You have your lease car for quite a while. 1-5 years may not seem that much time, but it’s a lot of driving. And, there is a chance that you could end up damaging your lease car because accidents do happen.
So, what happens when you damage a lease car?
When you lease a car, you don’t own it. This means you have to keep it in pretty good condition for when you give it back. It’s the same as if you lent someone a book or a camera; you’d want them to take care of it. And, the finance house wants you to take care of their car.
But if you damage that car, then you could incur charges.
Of course, there is some leeway. The finance house isn’t expecting you to keep it in showroom condition for the length of your contract, that would be silly. So they will allow for something they call fair wear and tear.
We’ve advised people on this quite a bit since the Company’s inception. So, we’ve written an article explaining what happens if you damage a lease car.
What happens if I damage a lease car?
At the end of your lease contract, your car will undergo an inspection. When this happens depends on your finance house. Some will do it a week before and some will inspect it on the day of collection.
A benefit of having a finance house that inspects it a week before is that if there is anything that needs fixing, you have a week to do so. But, it entirely depends on your finance house.
If they do find that there is damage on the car, they will tell you during the inspection.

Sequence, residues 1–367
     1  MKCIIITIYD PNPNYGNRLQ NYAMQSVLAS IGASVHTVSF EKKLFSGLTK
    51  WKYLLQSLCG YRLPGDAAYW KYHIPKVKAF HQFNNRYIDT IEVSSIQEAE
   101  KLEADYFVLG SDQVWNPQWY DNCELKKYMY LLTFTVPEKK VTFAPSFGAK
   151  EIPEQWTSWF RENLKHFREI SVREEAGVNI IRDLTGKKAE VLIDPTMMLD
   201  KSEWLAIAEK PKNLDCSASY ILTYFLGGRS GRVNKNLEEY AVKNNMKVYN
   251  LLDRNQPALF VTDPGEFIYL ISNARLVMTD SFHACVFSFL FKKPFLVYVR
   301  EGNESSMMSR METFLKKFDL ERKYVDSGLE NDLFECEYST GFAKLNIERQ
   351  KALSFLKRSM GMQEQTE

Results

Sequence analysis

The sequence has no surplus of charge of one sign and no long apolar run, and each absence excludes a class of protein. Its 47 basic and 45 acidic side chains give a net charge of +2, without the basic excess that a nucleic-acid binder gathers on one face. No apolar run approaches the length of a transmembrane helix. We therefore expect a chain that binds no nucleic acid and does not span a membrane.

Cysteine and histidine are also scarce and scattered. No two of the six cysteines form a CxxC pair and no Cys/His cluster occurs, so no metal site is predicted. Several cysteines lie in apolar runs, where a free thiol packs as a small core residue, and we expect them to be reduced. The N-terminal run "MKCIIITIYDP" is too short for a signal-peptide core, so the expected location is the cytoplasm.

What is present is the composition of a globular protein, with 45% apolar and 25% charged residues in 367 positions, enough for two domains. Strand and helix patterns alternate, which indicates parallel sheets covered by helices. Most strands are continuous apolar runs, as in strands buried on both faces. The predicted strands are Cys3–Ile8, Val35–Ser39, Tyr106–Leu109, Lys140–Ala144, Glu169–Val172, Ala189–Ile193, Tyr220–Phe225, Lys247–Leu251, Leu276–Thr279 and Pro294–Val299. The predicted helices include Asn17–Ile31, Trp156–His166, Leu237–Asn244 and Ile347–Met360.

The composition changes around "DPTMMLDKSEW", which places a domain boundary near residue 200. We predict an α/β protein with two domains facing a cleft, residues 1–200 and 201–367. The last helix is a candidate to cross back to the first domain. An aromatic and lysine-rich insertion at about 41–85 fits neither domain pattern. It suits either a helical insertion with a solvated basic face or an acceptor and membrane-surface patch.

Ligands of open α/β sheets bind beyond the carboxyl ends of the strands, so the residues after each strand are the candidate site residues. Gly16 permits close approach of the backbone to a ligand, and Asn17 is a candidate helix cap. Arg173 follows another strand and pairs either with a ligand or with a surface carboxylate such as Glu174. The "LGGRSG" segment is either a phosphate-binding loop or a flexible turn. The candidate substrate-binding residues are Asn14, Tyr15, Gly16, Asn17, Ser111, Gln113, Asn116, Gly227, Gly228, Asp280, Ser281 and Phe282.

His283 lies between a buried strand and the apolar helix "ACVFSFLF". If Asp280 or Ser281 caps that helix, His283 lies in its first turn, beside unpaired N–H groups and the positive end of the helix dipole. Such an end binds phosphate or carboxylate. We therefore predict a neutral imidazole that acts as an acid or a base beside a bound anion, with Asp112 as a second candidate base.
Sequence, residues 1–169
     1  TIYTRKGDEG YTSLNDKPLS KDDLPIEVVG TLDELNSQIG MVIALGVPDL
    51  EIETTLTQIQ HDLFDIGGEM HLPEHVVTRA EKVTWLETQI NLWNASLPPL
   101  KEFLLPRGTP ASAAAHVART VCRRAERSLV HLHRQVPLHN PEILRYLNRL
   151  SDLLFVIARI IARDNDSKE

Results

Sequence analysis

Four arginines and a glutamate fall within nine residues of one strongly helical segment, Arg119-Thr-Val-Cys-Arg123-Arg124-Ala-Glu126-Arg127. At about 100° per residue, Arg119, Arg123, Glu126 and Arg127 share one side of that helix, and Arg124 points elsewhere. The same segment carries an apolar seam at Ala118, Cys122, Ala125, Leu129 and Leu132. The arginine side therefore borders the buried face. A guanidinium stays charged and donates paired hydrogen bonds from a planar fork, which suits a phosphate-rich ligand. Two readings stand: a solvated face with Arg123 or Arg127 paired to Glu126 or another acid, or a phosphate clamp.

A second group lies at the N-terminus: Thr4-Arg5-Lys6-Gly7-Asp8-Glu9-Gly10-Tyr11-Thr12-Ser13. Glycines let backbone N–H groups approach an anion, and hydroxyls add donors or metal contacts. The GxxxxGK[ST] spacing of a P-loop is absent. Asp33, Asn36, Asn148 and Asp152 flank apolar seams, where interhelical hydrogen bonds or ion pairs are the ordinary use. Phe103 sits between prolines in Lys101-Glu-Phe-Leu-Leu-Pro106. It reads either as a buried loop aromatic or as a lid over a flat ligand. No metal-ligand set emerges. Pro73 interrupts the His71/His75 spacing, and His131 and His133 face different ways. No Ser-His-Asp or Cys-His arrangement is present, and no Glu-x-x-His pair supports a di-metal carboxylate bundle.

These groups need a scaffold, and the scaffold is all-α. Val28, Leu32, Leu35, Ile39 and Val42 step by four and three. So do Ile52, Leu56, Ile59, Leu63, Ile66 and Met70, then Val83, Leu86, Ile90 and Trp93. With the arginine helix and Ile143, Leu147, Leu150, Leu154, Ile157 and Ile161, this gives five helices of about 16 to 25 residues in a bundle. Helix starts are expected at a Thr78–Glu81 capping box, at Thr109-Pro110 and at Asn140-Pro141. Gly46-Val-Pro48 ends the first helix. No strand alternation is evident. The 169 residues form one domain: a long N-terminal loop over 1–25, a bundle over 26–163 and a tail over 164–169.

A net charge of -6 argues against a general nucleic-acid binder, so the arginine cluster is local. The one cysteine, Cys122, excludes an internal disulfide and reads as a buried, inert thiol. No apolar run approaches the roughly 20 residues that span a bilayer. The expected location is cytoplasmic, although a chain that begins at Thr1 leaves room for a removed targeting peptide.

Shortly after the car has gone back to the finance house you will receive an invoice for the damage. Which you will have to pay, of course. Unless you want to dispute it, but more on that later.
As I mentioned earlier, there is leeway. Most finance houses have to abide by the BVRLA (British Vehicle Rental and Leasing Association) Fair Wear and Tear guide.
What is the BVRLA fair wear and tear guide?
The BVRLA Fair Wear and Tear guide is the industry standard for fair wear and tear.
It is something that all dealerships, finance houses and brokers must abide by when inspecting cars for collection.
If your vehicle broker is a member of the BVRLA then you will be given the guide at the start of your contract. Keep hold of it, because this is invaluable when it comes to checking your car before inspection.
The Fair Wear and Tear Guide states what is and isn’t acceptable in terms of the cars condition when it is returned to the finance house.
What counts as fair wear and tear?
So, what is allowed and what isn’t?
There is a whole booklet dedicated to this, and we aren’t going to list everything because we’d be here forever. However, here’s a brief overview of some of the things they are looking for. For more information and pictures, refer to your BVRLA Fair Wear and Tear Guide.
What is acceptable
- Scratches up to 25mm are acceptable (except where primer or bare metal is showing)
- A scratch that does not interfere with the driver line of sight
- Scuffs up to 25mm on alloy wheels
- Tyres must meet UK legal requirements
- Light staining to the driver seat area